For the person of faith, obstacles are temporary because God is real. For the disbeliever, obstacles are permanent because God is not real enough. Thus, the key to exegesis of exigencies is an existential question: Is God real to me? Do I believe, act, and live as if he is alive?

Brueggemann: Believers today need to stir up the same sentiments: If we think ourselves weak, we should know that God’s power works best through unpretentious human weakness (2 Cor 12:9). Because our Lord Jesus has defeated all powers (Col 2:15), we can be strong in his power (Eph 6:10–13), joining in his victorious rule (Rev 3:21).

Robert Rayburn: The life of faith is often marked by intense struggle and frequent failure. But there is struggle precisely because faith knows and cares what it is and ought to be. Faith never forgets that God has made a promise of Canaan. Faith reckons with all that the Lord has already done in redemption and fatherly care and love so far through the wilderness of this world. Faith wants a Godward perspective always and only. Faith desires always to speak and to act in the full realization of God’s presence, power, and promise. That was not true of these ten scouts; it was true of the two. It is the one conspicuous and obvious difference between these two groups of men.

I doubt very much that Joshua and Caleb didn’t have moments of doubt when looking at the thick and high walls of the cities of Canaan and when looking up to men much taller and more imposing than themselves. But they dealt with themselves, and when push came to shove they knew what faith should think and say and should do and they thought it and they said it and they did it. They wouldn’t invariably do that; they will stumble like everyone else, but they did it when it mattered most when the issue was being joined and they did it regularly enough to demonstrate that their faith was the real thing, the genuine article. They had a God-ward perspective and they acted on God’s presence, power and promise. True faith always does.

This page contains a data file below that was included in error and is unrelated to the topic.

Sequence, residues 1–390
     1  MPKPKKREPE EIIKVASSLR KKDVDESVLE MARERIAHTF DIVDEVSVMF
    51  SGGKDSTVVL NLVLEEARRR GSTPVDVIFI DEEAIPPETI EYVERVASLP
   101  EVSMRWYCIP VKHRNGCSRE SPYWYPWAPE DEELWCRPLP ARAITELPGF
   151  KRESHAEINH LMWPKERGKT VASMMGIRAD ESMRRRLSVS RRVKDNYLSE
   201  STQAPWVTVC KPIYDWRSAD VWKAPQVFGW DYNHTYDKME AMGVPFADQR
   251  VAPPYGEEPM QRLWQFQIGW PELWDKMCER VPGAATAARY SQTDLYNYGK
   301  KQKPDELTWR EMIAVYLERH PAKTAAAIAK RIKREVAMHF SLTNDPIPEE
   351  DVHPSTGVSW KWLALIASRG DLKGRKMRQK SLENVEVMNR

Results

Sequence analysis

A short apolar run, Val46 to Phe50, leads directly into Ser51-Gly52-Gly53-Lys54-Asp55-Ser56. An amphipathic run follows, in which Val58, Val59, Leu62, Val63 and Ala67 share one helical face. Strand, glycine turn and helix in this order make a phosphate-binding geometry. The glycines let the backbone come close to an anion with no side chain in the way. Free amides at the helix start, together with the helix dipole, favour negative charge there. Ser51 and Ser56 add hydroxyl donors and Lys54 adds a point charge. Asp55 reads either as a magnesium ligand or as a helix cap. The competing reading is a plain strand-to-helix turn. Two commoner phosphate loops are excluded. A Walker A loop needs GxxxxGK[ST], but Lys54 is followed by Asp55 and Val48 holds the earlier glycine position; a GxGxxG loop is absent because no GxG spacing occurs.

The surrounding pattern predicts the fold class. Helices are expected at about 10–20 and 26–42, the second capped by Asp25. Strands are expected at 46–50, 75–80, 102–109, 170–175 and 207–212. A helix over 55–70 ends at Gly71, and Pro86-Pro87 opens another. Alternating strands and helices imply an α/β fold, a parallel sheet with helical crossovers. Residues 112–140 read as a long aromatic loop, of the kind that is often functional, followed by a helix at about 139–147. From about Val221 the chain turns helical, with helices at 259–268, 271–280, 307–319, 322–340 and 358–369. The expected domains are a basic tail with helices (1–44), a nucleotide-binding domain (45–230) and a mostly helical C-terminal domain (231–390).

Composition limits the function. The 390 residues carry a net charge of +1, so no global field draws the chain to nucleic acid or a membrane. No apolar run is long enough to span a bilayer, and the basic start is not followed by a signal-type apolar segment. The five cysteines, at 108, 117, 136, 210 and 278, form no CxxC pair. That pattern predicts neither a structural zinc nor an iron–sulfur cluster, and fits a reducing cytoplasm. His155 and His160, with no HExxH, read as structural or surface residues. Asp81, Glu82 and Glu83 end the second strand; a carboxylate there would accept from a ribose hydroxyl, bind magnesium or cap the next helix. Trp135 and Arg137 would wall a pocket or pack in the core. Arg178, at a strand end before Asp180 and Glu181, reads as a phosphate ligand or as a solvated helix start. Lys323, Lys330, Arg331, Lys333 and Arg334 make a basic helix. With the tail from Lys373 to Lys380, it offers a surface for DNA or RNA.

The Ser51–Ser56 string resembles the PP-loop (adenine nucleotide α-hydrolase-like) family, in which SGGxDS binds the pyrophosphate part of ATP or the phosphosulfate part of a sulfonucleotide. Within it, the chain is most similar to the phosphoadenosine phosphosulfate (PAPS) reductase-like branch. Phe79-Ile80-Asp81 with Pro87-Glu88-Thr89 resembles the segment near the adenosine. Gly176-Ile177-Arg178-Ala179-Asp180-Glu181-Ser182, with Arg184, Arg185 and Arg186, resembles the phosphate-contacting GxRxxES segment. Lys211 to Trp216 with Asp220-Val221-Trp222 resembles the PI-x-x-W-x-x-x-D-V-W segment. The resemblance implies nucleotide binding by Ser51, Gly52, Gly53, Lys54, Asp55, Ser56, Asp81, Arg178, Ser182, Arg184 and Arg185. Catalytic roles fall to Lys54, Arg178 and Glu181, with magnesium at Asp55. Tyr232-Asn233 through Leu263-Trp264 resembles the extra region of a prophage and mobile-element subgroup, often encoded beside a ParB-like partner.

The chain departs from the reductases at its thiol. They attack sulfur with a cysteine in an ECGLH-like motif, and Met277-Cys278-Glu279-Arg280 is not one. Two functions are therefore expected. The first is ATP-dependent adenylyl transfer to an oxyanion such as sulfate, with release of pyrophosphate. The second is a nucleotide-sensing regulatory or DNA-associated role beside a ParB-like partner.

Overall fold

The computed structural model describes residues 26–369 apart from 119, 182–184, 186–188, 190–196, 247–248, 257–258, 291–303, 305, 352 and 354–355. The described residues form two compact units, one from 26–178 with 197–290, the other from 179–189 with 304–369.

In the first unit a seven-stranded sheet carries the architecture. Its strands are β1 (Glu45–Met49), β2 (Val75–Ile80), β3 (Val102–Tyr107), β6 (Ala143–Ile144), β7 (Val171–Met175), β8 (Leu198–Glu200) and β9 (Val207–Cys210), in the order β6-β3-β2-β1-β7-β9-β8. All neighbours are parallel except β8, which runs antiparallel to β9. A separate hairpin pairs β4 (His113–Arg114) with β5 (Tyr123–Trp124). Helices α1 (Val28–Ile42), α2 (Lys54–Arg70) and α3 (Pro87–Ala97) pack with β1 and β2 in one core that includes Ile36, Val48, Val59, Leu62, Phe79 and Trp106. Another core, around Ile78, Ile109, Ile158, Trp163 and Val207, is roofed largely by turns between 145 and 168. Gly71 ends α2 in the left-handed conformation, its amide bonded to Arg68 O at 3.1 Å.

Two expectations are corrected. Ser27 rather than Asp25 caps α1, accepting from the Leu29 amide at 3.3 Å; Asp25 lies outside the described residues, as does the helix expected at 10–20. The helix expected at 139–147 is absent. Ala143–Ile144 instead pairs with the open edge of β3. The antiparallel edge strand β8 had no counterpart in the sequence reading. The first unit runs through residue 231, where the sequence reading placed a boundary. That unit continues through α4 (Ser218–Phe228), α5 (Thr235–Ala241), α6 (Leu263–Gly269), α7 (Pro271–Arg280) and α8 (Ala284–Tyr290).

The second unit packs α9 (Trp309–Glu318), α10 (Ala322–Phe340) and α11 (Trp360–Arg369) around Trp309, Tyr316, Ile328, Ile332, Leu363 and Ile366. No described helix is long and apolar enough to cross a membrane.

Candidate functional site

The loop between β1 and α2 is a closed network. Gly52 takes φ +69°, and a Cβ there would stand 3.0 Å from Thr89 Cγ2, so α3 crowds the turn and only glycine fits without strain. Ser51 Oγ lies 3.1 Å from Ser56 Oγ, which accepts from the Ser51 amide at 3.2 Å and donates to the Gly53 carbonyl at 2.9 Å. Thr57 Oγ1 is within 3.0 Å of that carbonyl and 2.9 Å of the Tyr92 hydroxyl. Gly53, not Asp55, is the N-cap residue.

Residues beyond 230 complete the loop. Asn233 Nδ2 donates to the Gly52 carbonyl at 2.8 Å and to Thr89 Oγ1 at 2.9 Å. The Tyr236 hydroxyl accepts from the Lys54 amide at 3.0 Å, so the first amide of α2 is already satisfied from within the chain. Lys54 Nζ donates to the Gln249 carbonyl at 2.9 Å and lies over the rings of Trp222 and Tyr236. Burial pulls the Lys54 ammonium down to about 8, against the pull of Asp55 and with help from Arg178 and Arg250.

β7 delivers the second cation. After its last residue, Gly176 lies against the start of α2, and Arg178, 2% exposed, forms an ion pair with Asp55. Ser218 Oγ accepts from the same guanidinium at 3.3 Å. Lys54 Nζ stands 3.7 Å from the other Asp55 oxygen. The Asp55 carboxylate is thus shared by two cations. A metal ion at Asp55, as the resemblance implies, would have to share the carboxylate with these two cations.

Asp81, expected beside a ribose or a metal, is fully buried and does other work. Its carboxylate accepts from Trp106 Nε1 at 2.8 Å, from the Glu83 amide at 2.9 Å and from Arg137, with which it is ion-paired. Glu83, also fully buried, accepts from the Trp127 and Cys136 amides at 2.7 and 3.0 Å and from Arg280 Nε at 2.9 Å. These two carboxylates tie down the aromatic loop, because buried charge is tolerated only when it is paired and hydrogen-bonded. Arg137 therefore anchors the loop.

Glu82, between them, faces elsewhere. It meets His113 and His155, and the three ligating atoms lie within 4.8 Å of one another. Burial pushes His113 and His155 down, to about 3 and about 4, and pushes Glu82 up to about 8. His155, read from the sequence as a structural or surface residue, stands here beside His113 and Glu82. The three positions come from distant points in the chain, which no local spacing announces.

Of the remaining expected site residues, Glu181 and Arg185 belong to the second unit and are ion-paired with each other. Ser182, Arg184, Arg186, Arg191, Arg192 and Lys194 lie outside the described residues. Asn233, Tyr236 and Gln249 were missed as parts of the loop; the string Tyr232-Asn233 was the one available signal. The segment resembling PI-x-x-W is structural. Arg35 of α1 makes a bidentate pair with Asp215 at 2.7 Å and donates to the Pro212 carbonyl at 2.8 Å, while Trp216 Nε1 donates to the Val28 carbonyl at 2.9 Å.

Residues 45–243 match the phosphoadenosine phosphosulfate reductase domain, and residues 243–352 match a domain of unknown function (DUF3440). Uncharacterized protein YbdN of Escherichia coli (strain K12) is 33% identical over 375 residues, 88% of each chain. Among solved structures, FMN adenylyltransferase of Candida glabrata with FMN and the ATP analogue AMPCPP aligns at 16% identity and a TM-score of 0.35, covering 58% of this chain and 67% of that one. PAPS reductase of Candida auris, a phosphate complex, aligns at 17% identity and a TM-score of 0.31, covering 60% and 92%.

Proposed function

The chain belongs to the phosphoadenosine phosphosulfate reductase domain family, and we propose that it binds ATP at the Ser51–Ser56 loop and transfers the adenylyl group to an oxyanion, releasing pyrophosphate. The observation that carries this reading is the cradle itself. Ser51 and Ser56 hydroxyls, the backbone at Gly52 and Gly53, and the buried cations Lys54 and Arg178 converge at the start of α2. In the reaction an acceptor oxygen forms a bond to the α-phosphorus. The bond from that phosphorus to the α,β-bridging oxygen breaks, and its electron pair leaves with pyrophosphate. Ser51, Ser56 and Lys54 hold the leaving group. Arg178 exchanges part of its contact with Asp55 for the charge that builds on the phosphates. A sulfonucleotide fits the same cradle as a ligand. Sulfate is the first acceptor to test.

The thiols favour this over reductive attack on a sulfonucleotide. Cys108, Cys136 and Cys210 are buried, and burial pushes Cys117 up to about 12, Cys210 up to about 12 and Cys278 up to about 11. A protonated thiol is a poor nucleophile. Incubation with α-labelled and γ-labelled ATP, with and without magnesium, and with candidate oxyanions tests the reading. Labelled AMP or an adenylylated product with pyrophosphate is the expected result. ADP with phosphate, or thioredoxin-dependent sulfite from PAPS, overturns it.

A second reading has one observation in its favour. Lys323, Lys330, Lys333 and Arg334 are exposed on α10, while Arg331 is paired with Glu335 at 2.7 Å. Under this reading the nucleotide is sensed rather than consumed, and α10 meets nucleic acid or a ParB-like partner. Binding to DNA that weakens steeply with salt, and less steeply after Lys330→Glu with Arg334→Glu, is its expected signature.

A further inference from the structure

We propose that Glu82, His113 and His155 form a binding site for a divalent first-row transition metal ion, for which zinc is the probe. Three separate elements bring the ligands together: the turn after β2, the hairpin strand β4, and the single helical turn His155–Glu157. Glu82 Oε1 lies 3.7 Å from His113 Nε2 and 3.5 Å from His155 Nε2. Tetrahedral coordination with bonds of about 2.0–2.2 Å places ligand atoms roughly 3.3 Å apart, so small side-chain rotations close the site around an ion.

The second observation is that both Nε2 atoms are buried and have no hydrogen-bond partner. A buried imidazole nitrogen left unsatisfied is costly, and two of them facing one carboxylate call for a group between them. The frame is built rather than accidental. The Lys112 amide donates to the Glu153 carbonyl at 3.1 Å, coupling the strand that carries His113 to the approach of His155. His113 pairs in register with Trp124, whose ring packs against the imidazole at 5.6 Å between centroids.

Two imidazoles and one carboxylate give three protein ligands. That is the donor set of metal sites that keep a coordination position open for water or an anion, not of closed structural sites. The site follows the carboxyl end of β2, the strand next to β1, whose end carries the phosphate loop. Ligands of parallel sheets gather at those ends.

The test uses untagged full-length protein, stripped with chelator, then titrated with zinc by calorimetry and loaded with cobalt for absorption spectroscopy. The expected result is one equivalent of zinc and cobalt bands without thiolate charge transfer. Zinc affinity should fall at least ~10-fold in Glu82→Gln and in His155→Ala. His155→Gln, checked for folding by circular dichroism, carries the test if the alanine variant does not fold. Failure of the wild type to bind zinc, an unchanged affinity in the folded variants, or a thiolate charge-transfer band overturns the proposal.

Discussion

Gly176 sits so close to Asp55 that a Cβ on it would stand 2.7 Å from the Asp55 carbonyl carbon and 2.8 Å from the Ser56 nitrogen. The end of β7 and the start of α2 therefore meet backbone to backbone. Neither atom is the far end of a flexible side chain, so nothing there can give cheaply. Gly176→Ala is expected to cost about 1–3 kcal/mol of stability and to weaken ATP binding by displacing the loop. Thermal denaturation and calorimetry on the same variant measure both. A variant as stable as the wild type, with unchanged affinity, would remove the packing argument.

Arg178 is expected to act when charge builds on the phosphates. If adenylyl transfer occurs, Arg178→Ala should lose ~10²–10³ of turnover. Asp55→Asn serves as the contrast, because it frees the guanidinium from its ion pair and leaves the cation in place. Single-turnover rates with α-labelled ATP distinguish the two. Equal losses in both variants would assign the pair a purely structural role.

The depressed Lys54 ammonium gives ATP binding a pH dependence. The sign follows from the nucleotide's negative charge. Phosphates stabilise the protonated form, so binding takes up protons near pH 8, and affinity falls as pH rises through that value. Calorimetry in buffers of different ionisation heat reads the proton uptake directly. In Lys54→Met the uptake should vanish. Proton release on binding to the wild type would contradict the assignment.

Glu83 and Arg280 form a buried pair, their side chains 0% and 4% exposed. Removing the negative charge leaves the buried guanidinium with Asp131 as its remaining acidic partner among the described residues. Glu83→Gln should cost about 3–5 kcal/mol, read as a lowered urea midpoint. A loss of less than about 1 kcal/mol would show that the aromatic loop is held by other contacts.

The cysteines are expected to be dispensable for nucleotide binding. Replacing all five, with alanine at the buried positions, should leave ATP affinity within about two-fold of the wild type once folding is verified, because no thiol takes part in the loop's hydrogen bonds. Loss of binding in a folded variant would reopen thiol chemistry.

J. Ligon Duncan: They magnified the problems, and they minimized the power of God, when what they should have done is not minimize the problems, but embrace the impossibility of those problems in terms of their own power, and at the same time acknowledge and magnify the power of God to overcome all.

2. (:31-33) Negative Recommendation – Grasshopper Mentality of Disbelief = We are Going to be Crushed

a. (:31) Conclusion = Impossible Task – Viewed Apart from Faith

“But the men who had gone up with him said, ‘We are not able to go up against the people, for they are too strong for us.’”

b. (:32-33) Supporting Arguments

“So they gave out to the sons of Israel a bad report of the land which they had spied out, saying,”